The SM58 is the industry standard for live vocal microphones. Why? Well, it’s durable – a godsend if you like swinging the mic around Roger Daltrey-style – but just as importantly its cardioid response design means it only picks up what comes out the singer’s mouth, not everything else on stage. Introduced in 1966, it’s still the world’s best-selling stage mic almost 50 years later.

Polaroid SX-70 (1972)

Polaroid SX-70 (1972)

The first instant camera that ejected shots automatically and didn’t cover your hands with chemical residue, the SX-70 was an idiot-proof bombshell – and it could be folded down small enough to fit in a coat pocket. It became an instant success (no pun intended), because who doesn’t love instant gratification?

READ MORE: 25 cameras that changed the world

Technics SL-1200 (1972)

Technics SL-1200 (1972)

The SL-1200’s robust, high torque direct drive motor was a key factor in the invention of hip hop. Without it, New York DJs like Kool Herc wouldn’t have been able to perfect scratching and beat-mixing. Just think: if not for Technics’ ingenuity, we’d all still be listening to disco and trainers would only be worn at the gym.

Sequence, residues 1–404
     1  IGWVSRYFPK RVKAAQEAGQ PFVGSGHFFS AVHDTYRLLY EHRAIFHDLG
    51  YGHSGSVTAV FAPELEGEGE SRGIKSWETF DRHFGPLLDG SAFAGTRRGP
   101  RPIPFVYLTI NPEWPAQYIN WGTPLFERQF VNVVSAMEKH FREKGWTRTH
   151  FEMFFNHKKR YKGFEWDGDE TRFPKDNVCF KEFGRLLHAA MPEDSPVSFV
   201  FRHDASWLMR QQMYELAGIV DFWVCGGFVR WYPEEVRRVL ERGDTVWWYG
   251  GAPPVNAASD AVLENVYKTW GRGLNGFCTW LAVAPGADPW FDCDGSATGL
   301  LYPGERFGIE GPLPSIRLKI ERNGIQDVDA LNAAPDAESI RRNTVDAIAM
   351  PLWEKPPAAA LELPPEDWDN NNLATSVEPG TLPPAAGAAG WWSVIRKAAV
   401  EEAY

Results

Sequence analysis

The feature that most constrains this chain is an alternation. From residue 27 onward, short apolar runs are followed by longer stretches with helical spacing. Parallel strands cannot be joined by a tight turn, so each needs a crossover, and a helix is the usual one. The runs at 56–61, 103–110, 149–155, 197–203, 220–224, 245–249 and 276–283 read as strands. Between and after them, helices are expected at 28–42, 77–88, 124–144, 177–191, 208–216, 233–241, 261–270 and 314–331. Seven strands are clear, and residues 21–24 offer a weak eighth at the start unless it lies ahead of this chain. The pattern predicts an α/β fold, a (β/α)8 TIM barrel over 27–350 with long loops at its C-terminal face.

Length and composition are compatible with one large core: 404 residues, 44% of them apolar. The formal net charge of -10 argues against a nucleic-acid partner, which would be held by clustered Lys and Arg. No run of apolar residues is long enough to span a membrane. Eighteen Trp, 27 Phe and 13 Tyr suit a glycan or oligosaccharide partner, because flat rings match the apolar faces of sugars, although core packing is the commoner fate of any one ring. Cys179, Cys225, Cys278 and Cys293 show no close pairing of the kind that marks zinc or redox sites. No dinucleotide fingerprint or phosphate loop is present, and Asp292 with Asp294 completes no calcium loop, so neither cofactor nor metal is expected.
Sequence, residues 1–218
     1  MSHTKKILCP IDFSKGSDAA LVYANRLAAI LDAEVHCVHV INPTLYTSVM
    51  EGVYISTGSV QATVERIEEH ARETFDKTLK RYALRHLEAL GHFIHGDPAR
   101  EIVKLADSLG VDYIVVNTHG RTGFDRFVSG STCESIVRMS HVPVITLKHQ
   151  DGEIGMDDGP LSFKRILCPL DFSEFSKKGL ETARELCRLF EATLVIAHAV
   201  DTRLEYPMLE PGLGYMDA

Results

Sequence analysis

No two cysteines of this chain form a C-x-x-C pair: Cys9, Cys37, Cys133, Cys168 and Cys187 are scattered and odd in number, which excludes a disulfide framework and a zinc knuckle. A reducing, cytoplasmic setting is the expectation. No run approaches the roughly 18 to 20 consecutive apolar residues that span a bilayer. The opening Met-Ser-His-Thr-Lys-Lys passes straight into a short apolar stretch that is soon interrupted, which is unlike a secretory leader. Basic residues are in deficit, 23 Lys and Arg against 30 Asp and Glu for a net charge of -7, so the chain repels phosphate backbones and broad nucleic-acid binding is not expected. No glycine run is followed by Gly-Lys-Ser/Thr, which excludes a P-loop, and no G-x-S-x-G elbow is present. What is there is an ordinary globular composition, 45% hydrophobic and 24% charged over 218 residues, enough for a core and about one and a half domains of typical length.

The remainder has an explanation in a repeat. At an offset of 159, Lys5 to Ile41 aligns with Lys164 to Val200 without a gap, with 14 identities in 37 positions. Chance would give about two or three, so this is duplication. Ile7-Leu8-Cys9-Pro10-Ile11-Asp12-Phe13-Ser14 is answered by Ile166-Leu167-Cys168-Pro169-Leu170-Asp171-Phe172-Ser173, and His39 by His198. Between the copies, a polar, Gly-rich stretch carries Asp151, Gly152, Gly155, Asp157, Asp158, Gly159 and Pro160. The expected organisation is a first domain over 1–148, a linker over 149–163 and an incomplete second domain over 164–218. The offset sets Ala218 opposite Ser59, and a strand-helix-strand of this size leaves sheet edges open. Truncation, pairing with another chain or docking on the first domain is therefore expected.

Aphelion television set (1973)

Aphelion television set (1973)

You only have to look at the Aphelion to understand its cult status – in 1973, in a world of boxy grey or wood-panelled tellies, nobody had seen anything quite like this Jetsons-esque pod. It’s a 1970s idea of what TVs would look like in the future – but has instead become something compellingly retro, because TVs never did end up looking like the Aphelion, did they?

Being honest, it’s better looking than 90 percent of modern screens, and we can’t imagine many would complain about having this glorious astronaut’s helmet as their family idiot box.

Brompton folding bicycle (1976)

Brompton folding bicycle (1976)

With a design that has remained practically unchanged since its inception in the late 1970s, the Brompton is able to squeeze down to about 20 x 20 x 10 inches, but when unfolded has handlebars, pedals and a saddle which sit in exactly the same position as those on a regular bicycle. An essential tool for thousands of commuters and a source of national pride too: it’s now the UK’s most widely manufactured bike.

READ MORE: 5 of the best folding bikes